An E. coli suspension containing 101 - 102 cfu was prepared in 10 mL of Colilert™ media and dispensed into a 50 mL centrifuge tube. Control samples were prepared similarly, but received 100 μΐ^ of Butterfield's buffer. The centrifuge tube was closed with Lid 1 formed from COCl, with a cast polypropylene film having microstructured surface MS2C adhered to it, and further secured with a standard centrifuge cap to avoid leakage. The tube was centrifuged with the cap-down in the Multipurpose Centrifuge, and inverted according to the procedure of Example 2. The standard centrifuge tube cap was replaced with a cap having a hole in the center, and incubated at 37°C. The microstructures were imaged periodically on the Fluorescent Imager according to the procedure of Example 2 by removing the cap and imaging the microstructured surface, and also directly through the lid before removing the cap. The images obtained through the lid were comparable to those obtained by direct imaging of the microstructured wells. No fluorescence was seen in control samples.

The ability to image through the cap or a surface of the tube avoids the handling issues that can occur with opening the tube and applying a cover tape over the microstructures to prevent evaporation of the liquid from the wells. The microstructures in the cap retained sufficient liquid, because of surface tension and capillary action forces, to allow for growth of the bacteria. The media in remaining in the bottom of the tube provided sufficient humidity to prevent evaporation of liquid from the wells. No condensation was observed in the closed tubes at room temperature over a period of one week.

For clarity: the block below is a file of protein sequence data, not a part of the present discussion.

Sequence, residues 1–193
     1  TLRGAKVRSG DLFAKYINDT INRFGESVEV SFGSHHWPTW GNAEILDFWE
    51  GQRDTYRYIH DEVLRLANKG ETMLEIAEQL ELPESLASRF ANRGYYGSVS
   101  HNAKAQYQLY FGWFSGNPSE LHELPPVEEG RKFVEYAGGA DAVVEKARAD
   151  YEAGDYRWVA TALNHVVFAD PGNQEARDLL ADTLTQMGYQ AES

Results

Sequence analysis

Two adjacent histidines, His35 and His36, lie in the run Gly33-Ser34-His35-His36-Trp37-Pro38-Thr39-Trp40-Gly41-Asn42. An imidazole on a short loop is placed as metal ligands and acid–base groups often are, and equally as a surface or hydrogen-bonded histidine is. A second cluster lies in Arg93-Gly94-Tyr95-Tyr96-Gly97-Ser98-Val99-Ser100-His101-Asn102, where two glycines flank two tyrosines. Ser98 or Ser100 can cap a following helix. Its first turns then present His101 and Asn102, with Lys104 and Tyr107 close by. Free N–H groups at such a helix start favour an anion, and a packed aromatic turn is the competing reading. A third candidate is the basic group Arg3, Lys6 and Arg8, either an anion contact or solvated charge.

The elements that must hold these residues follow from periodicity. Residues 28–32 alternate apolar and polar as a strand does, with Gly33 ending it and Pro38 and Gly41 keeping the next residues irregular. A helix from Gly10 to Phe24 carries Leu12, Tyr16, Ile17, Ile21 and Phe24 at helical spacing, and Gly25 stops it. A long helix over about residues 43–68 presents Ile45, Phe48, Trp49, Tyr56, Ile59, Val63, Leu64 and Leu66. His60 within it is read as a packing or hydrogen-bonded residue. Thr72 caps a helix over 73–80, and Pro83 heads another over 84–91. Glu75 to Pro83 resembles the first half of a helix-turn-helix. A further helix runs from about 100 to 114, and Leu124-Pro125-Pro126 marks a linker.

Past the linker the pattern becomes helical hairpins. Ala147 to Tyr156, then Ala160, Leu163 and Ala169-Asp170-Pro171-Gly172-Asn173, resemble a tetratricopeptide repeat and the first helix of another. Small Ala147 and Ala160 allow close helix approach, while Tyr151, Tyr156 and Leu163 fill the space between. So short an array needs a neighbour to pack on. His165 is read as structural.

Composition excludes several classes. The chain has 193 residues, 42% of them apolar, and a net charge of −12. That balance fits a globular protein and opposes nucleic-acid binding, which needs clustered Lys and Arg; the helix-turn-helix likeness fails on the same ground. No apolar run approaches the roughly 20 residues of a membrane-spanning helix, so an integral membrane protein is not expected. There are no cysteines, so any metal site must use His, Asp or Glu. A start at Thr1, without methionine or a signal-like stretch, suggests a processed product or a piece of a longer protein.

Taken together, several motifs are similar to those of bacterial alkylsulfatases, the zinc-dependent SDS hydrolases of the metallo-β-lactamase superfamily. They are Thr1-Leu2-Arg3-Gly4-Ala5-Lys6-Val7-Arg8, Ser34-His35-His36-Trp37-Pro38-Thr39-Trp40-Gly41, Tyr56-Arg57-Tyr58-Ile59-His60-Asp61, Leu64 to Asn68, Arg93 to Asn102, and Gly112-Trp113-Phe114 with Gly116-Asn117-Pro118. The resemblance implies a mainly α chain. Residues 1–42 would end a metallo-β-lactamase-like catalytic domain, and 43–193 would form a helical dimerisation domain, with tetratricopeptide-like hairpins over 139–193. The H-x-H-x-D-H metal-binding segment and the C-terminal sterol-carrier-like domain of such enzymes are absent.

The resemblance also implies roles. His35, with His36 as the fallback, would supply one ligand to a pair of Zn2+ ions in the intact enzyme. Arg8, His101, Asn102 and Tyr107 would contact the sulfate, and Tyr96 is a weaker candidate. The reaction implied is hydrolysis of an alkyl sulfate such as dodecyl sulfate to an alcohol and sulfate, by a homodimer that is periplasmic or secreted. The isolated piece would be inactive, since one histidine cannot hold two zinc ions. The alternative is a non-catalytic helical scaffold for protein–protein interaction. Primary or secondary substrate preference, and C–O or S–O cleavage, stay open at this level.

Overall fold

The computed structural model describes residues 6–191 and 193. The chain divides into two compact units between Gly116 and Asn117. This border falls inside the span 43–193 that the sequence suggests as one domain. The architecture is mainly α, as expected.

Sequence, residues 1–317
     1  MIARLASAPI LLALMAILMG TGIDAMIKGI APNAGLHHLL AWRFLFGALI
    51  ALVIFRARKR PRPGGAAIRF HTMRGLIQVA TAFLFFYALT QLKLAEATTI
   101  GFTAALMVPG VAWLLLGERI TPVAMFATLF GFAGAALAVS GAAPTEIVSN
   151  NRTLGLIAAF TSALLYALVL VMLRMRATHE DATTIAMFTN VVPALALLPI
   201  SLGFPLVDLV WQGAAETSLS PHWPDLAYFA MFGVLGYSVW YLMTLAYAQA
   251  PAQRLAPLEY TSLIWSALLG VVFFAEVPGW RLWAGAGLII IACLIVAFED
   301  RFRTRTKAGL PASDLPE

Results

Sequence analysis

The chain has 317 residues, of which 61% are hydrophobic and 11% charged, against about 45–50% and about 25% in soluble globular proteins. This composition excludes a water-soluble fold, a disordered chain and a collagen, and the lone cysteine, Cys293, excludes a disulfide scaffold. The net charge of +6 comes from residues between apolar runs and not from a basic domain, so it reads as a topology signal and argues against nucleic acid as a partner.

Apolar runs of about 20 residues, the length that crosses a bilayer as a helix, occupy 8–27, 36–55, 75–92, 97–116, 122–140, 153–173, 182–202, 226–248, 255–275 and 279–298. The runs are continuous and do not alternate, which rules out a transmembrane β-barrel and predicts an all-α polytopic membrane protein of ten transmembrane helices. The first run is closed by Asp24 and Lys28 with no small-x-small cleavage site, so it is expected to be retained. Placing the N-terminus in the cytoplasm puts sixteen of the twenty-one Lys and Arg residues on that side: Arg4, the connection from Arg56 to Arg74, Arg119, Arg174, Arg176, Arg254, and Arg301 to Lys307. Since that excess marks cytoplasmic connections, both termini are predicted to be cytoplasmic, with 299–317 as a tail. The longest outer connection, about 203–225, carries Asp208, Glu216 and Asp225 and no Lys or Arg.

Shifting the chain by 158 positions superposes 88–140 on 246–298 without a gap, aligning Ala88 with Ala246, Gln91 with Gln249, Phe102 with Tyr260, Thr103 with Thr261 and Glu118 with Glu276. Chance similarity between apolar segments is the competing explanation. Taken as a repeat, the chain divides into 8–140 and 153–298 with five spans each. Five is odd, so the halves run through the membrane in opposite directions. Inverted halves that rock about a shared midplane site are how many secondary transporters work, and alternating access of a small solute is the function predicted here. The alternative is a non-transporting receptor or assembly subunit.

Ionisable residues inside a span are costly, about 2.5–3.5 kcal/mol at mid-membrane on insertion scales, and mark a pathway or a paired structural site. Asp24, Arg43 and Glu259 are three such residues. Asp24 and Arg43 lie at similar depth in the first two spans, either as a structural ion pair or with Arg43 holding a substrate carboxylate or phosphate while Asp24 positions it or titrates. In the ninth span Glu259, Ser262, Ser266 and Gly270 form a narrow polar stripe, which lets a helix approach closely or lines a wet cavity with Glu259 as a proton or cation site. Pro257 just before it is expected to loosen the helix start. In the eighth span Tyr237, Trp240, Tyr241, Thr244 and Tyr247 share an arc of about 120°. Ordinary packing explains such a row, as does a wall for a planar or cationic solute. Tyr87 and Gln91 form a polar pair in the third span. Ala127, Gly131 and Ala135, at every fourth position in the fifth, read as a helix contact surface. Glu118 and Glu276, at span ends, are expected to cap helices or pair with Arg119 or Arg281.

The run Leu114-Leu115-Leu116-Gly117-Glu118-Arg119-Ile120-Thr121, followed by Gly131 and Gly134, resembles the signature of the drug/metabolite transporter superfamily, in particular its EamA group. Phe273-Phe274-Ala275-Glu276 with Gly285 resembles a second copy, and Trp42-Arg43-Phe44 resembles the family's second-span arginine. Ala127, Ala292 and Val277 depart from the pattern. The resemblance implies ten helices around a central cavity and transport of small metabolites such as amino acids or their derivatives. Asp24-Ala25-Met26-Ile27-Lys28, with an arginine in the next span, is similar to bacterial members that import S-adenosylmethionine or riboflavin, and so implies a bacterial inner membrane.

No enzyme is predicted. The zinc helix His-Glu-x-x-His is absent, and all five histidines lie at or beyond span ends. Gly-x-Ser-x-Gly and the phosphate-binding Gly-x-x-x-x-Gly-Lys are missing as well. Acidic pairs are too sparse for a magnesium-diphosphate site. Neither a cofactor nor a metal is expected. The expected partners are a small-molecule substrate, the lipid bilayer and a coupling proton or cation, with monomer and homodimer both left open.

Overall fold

Example 7 - External Detection of bacteria in injection molded structures

Lids in this example were prepared using the Lid 2 construction. The lids were molded from COCl with microstructured surfaces MS3A and MS3B. Tubes were further secured using the standard threaded centrifuge tube caps for centrifugation and replaced with the cap with a hole in the center for incubating and imaging. An E. coli suspension containing 101 - 102 cfu was prepared in 10 mL of Colilert™ media and dispensed into a 50 mL centrifuge tube. Control samples were prepared similarly, but received 100 μΐ^ of Butterfield's buffer. The centrifuge tube was capped with Lid 2 molded with COCl and having microstructured surface MS3A, and further secured with a standard centrifuge tube cap. A second tube was prepared using a lid molded with COCl and MS3B. The centrifuge tubes were centrifuged cap- down, and slowly inverted according to the procedure of Example 2. The standard caps were replaced with the caps having a hole in the center and incubated at 37°C. The structures were imaged according to the procedure of Example 2 except that the measurement was done directly through the lid without removing the cap. The supernatant resulting from centrifugation remained in the tube and served as a humidity reservoir.

The same initial E. coli suspension was tested in Colilert™ media in a 96-well microtiter plate as described in the Reference Example.

As shown in Table 9, the onset of Mu-glcU fluorescence was observed in both lids (MS3A and MS3B) in about 4 hours and in 18 hours in the microtiter plates (see Table 9). No fluorescence was seen in the control samples.